The Sound and the Fury by William Faulkner has been hailed by numerous critics and readers alike as "a deliberately conceived and superlatively executed work (Millgate)." Not only was it an outstanding example of the "stream of consciousness" method of narration, it was in keeping with the modernist trends of implied themes and fragmentation. Faulkner also seems to have had an understanding of the Freudian theory of personality which shows in his writing. The four Compson children are examples of the different personality components and of how their inability to function together as a whole destroys the last of the Compson family. Quentin and Jason IV, the two male children who aren't mentally deficient, both have imbalanced personalities, but their respective deficiencies causes them to be diametrically opposed. Exploration and application of Freud's personality structure will illustrate the areas of their psyche that are underdeveloped or lacking and the ramifications of these deficiencies in their lives.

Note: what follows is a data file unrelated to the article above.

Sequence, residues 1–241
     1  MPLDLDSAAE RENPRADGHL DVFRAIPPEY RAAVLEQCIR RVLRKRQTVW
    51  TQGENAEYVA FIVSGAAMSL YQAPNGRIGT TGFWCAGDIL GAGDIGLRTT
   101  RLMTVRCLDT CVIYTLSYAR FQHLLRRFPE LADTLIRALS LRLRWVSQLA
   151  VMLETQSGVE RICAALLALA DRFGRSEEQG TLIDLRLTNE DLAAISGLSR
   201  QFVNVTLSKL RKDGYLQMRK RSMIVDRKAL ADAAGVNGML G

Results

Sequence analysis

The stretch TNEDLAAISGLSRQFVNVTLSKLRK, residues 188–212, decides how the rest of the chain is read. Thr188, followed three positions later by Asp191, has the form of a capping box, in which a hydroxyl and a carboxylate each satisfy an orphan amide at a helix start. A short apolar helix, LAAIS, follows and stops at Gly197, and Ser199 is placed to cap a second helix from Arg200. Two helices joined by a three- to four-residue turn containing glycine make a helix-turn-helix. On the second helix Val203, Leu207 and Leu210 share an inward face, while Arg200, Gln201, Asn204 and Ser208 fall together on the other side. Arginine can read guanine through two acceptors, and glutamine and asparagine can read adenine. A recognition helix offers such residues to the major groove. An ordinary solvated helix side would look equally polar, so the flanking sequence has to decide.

Sigmund Freud's conception of personality consists of three entities; the id, ego, and superego. The id is the most fundamental of the three. It is characterized as "the reservoir of instinctual psychic energy, or libido (Psychology Today 408)." It is the depository of the innate instinctual drives and always seeks immediate gratification while avoiding pain, known as the "pleasure principle."(Hilgard 478) It is divided into two instincts, Thanatos (death) and Eros (life).
The ego is responsible for controlling the impulsive id. It consists of the psychic apparatuses i.e. perception, memory, motility, and time, which allow the individual to perceive, to think, and to act upon his environment. It also governs and controls the id's encounters with reality.(Deutsch 138) It mediates between the id and the superego and the id and reality. It also directs the Eros, or life instincts.
The superego consists of the conscience and the ego ideal, which are...
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